The following information is taken from Wikipedia.
Ciguatera is a foodborne illness caused by eating certain reef fishes whose flesh is contaminated with toxins originally produced by dinoflagellates which live in tropical and subtropical waters. These toxins occuring during harmfull algae blooms known as “red tide.” These dinoflagellates adhere to coral, algae and seaweed, where they are eaten by herbivorous fish who in turn are eaten by larger carnivorous fish. In this way the toxins move up the foodchain. Gambierdiscus toxicus is the primary dinoflagellate responsible for the production of a number of similar toxins that cause ciguatera. These toxins include ciguatoxin, maitotoxin, scaritoxin and palytoxin. Predator species near the top of the food chain in tropical and subtropical waters, such as barracudas, snapper, moray eels, parrotfishes, groupers, triggerfishes and amberjacks, are most likely to cause ciguatera poisoning, although many other species cause occasional outbreaks of toxicity.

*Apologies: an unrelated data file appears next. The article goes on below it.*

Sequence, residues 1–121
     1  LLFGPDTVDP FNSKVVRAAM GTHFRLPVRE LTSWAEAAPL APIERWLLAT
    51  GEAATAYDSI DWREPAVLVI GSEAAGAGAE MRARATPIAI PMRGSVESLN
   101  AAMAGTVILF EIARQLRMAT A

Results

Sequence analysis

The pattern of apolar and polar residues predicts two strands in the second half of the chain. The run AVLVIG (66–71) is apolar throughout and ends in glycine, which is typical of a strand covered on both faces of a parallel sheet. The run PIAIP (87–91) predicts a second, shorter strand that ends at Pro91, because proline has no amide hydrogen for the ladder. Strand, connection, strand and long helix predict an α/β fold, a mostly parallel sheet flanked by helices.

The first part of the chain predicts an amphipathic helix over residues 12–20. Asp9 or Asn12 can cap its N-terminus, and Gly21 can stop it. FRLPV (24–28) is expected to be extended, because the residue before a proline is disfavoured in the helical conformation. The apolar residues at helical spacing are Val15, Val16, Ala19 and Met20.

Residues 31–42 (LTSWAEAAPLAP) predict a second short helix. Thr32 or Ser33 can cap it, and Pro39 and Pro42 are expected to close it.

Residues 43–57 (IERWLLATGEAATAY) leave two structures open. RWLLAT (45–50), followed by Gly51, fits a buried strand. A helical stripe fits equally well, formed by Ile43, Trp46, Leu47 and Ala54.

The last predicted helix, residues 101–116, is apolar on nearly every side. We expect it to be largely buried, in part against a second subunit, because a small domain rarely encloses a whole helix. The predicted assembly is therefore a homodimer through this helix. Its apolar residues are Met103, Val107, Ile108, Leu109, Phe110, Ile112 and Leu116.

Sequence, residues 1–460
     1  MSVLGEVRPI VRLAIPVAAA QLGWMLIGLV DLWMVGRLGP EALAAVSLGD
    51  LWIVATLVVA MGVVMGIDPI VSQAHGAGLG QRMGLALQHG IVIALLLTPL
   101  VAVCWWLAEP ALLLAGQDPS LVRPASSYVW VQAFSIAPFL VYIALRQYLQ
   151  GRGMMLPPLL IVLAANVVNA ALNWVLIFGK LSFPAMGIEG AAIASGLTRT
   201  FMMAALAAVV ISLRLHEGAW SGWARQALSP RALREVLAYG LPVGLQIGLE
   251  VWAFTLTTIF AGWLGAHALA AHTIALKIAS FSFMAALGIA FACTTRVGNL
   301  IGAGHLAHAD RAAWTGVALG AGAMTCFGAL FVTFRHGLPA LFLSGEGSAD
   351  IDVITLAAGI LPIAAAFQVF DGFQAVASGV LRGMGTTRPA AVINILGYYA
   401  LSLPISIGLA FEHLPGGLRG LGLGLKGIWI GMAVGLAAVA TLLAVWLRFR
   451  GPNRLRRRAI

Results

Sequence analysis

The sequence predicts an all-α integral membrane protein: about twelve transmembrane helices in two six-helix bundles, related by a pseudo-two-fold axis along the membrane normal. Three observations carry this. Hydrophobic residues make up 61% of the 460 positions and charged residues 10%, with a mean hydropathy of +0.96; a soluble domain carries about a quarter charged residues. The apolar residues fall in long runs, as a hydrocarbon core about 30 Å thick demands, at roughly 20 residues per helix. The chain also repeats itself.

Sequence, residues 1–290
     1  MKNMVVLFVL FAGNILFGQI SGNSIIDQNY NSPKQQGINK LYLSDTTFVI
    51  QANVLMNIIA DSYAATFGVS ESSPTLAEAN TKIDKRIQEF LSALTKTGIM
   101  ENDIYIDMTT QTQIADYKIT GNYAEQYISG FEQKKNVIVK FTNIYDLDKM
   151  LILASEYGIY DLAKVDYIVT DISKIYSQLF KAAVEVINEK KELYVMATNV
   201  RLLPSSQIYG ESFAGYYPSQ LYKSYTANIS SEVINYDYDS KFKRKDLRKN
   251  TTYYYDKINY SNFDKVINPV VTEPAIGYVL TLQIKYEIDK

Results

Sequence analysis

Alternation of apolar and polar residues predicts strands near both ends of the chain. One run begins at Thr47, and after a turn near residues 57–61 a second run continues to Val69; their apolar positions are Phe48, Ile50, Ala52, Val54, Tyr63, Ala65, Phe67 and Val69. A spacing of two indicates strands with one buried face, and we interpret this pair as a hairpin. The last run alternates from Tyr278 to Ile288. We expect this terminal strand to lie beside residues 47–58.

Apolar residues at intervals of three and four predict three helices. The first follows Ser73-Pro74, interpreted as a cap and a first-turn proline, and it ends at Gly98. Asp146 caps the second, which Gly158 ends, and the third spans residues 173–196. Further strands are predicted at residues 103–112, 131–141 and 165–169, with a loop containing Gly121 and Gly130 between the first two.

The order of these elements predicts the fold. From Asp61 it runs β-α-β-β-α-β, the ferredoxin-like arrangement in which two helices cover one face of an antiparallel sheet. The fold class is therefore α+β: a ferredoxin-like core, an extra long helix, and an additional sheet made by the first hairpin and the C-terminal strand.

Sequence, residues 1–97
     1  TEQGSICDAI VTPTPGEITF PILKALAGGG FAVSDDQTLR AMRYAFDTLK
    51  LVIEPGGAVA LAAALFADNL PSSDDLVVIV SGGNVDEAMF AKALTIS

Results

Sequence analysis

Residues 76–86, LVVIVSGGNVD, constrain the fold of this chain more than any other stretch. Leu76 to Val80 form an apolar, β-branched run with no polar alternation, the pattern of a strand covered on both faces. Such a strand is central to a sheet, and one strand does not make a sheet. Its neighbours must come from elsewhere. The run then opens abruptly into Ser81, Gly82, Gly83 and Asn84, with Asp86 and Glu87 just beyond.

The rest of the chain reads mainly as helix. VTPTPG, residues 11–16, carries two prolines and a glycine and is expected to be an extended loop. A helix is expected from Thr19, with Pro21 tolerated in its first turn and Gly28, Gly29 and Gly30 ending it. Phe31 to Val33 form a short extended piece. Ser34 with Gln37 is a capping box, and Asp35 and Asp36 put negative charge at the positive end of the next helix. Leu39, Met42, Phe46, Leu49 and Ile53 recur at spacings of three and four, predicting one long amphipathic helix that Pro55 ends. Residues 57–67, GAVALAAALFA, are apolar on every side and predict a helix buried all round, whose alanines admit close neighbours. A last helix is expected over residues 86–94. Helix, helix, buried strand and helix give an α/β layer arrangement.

Ciguatoxin is very heat-resistant, so ciguatoxin-laden fish cannot be detoxified by conventional cooking.
Hallmark symptoms of ciguatera in Humans include gastrointestinal and neurological effects. Gastrointestinal symptoms include nausea, vomiting, and diarrhea, usually followed by neurological symptoms such as headaches, muscle aches, paresthesia, numbness, ataxia, and hallucinations. Severe cases of ciguatera can also result in cold allodynia, which is a burning sensation on contact with cold (commonly incorrectly referred to as reversal of hot/cold temperature sensation). Doctors are often at a loss to explain these symptoms and ciguatera poisoning is frequently misdiagnosed as multiple sclerosis.
Dyspareunia and other ciguatera symptoms have developed in otherwise-healthy males and females following sexual intercourse with partners suffering ciguatera poisoning, signifying that the toxin may be sexually transmitted. Diarrhea and facial rashes have been reported in breastfed infants of poisoned mothers, it is likely that ciguatera toxins migrate into breast milk.
The symptoms can last from weeks to years, and in extreme cases as long as 20 years, often leading to long-term disability. Most people do recover slowly over time. Often patients recover, but symptoms then reappear. Such relapses can be triggered by consumption of nuts, alcohol, fish or fish-containing products, chicken or eggs, or by exposure to fumes such as those of bleach and other chemicals. Exercise is also a possible trigger. Filipino and Chinese people may possibly be more susceptible.